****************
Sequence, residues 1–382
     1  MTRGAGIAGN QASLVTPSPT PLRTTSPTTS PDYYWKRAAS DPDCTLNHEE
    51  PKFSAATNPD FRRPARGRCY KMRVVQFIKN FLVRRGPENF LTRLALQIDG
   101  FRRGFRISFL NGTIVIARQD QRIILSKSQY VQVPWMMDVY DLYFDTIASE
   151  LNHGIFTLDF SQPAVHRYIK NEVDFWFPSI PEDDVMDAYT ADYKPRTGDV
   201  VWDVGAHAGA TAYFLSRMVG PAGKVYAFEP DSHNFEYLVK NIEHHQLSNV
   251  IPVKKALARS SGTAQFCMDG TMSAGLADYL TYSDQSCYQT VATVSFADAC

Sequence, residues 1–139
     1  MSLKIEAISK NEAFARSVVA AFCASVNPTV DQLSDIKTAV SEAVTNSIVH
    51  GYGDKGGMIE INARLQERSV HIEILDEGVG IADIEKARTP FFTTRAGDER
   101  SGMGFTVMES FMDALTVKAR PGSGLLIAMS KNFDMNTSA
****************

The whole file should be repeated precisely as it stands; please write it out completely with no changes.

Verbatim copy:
Sequence, residues 1–382
     1  MTRGAGIAGN QASLVTPSPT PLRTTSPTTS PDYYWKRAAS DPDCTLNHEE
    51  PKFSAATNPD FRRPARGRCY KMRVVQFIKN FLVRRGPENF LTRLALQIDG
   101  FRRGFRISFL NGTIVIARQD QRIILSKSQY VQVPWMMDVY DLYFDTIASE
   151  LNHGIFTLDF SQPAVHRYIK NEVDFWFPSI PEDDVMDAYT ADYKPRTGDV
   201  VWDVGAHAGA TAYFLSRMVG PAGKVYAFEP DSHNFEYLVK NIEHHQLSNV
   251  IPVKKALARS SGTAQFCMDG TMSAGLADYL TYSDQSCYQT VATVSFADAC

Sequence, residues 1–139
     1  MSLKIEAISK NEAFARSVVA AFCASVNPTV DQLSDIKTAV SEAVTNSIVH
    51  GYGDKGGMIE INARLQERSV HIEILDEGVG IADIEKARTP FFTTRAGDER
   101  SGMGFTVMES FMDALTVKAR PGSGLLIAMS KNFDMNTSA